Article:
JEFF RUSTEN: The Parthenon dominates the Acropolis from a distance, but the other parts of its plan were equally important, equally elaborate, and equally expensive as we know from the inscriptions. We have time to look at only one more now, and it's one I could not be more different in every way from the Parthenon. Where the Parthenon is grand, this is delicate and modest. The Parthenon is a Doric temple, but this is an Ionic one with lush exterior carved ornament.
The Parthenon is a massive unity, but this one is a jumble of different rooms and purposes. But this small building, which is easy to overlook today and whose name we don't even know properly, was in fact the most sacred place in Athens. We have to call it the Erectheum because that's the name some ancient writers assigned to the shrine of the Athenian founding hero Erechtheus. But that name does not do it justice, since the building commemorates primarily Athena.
Unlike the Parthenon on a site where no major temple had ever before stood, this space had to commemorate much religious history. It was the spot where legend told of a contest between Athena and Poseidon for the patronage of the city of Athens. Athena's contribution had been the olive tree, and she won the contest. But Poseidon had made a saltwater spring, and both the tree and the spring we're supposedly still to be found at this site in the fifth century. And the sanctuary of Athena had always been your here as well.
This temple, which has been beautifully restored out of the confusing and random remains left, is built on several levels. On the east, there are slender ionic columns opening into a room dedicated to Athena in a much more sacred aspect than the Parthenon. Here was kept the ancient wooden cult statue of Athena, which for generations had been worshipped as the city's single most sacred object. Every year the citizens actually bathed the statue in the sea and redressed it with elaborate ceremony.
Projecting from this main building our two porches. The porch on the north has a magnificently decorated tall door and a high coffered ceiling in which one section has been deliberately left open to the sky. Under this opening is a corresponding hole in the floor below that leads to a rock fissure which must've been a holy place, perhaps because it was believed caused by a lightning bolt.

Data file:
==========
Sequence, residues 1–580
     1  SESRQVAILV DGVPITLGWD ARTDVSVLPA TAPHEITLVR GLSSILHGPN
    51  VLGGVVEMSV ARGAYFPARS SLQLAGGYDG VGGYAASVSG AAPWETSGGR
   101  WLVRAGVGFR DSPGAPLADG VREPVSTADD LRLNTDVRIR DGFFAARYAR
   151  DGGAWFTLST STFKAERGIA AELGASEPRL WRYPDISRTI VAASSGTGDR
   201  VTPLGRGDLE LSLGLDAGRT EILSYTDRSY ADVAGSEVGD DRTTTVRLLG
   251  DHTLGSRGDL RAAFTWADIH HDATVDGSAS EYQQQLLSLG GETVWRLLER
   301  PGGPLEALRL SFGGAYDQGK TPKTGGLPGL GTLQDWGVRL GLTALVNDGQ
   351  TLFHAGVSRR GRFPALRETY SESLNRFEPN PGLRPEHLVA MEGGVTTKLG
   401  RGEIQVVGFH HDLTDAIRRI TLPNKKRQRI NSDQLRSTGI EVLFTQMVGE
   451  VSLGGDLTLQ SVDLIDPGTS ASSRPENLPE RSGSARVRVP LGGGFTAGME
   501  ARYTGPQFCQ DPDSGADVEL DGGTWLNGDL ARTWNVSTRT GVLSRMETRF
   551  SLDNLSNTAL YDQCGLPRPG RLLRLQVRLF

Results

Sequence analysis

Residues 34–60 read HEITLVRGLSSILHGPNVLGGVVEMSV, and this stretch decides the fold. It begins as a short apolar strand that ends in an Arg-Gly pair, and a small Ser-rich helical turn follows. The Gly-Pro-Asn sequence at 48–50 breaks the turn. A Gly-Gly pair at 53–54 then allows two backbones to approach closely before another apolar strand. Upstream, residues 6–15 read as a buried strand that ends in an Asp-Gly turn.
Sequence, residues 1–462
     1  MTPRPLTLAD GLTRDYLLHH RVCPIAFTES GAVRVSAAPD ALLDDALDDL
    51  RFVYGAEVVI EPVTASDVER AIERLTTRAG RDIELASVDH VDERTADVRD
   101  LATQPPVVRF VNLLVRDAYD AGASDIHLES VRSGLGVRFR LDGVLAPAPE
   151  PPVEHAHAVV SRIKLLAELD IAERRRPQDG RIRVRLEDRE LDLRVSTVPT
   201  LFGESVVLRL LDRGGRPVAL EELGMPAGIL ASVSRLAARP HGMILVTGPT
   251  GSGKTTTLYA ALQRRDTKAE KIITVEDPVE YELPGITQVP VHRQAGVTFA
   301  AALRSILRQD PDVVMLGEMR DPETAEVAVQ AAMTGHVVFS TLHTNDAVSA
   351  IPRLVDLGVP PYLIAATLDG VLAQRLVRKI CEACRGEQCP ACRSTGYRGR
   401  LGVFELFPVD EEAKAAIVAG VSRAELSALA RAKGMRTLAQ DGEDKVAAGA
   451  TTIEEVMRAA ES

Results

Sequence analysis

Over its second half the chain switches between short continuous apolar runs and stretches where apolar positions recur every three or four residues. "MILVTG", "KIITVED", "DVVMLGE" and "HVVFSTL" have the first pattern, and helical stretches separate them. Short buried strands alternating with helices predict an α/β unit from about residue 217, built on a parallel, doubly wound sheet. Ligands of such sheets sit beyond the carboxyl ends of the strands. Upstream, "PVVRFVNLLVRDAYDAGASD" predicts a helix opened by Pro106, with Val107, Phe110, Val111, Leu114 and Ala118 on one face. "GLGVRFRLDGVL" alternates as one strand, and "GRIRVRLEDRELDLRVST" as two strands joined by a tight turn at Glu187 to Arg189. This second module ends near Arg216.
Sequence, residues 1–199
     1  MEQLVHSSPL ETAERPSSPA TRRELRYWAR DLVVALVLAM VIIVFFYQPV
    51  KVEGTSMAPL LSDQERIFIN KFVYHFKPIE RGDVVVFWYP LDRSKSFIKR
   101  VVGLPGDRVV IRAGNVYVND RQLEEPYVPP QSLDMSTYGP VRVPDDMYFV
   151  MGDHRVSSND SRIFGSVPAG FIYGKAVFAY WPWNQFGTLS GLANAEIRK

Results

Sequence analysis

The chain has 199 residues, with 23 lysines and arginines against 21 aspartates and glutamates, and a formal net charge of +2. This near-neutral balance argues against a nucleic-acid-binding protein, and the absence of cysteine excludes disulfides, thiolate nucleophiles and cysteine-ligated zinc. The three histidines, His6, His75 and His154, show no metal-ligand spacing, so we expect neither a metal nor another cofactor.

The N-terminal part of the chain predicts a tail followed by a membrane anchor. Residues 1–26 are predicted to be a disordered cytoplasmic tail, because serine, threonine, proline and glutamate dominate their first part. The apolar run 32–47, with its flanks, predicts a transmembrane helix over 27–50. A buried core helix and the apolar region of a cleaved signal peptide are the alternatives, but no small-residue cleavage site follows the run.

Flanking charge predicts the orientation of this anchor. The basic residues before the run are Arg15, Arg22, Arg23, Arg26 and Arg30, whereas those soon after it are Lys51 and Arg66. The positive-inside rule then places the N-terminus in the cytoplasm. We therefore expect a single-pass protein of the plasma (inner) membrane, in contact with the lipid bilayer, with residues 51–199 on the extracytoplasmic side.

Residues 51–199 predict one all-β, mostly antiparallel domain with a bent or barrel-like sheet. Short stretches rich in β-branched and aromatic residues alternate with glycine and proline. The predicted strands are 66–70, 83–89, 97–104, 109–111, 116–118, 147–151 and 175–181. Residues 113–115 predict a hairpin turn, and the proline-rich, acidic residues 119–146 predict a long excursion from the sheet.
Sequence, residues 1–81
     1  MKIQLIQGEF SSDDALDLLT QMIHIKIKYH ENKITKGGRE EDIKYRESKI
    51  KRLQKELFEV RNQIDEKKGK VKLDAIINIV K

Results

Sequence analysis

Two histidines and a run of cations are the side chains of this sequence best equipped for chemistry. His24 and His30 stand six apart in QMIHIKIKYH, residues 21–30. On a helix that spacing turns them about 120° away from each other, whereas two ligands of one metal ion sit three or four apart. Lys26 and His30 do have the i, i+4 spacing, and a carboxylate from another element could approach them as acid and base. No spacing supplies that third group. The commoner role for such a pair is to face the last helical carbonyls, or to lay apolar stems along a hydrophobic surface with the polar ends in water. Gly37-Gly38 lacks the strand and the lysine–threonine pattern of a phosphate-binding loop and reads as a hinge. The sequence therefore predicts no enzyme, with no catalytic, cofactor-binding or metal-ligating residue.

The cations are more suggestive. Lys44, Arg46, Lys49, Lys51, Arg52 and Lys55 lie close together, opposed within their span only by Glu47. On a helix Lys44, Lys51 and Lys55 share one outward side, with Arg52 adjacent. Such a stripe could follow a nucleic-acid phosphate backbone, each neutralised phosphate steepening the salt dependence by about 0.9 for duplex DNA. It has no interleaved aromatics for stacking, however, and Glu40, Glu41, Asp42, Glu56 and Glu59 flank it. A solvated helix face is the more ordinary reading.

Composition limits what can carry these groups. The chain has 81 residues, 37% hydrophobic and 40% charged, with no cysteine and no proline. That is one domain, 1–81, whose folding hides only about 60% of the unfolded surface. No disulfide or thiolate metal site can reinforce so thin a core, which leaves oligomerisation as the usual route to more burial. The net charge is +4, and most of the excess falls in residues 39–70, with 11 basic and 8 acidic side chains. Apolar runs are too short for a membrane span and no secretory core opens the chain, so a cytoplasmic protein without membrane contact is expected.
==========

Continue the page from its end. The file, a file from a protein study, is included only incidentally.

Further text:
The south porch of this building seems to have no door at all, but it's the one you immediately notice. Here, the roof is supported not by columns but by statues. Although they're nearly eight feet high and capable of supporting the marble roof, they look like six graceful young women.
The statues are not identical. Each has slightly different dress, hair, and posture. They came to be called Caryatids after the story that they were modeled on girls of the town of Karyai. But like the frieze on the Parthenon, they depict an Athenian ritual.
Every year young women of Athens' oldest families would carry sacred objects in various processions, and these girls seem to be marching out of the sanctuary uphill toward us in just such a procession.
I should add to the statues here or copies. The originals are nearby in the Acropolis Museum-- all but the one that Lord Elgin took to London. In the basement and other areas of the so-called Erectheum now long disappeared were shrines of heroes obscure to us but venerable to the Athenians with names like Cecrops, Butes, and Erechtheus himself, as well as sacred objects of Athenian mythical past. In contrast to the Parthenon, this little temple was a place of the most pious traditional worship.
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2500 years ago, the city of Athens experienced a century of brilliant philosophy, drama, politics, and art that still resonates today. Athens was the first democracy, a great military and economic power, and left behind a richly documented history and culture. Professor Jeffrey Rusten leads a tour through the ancient city as reconstructed by archaeologists and historians.
This video is part 4 of 6 in the Ancient Athens series.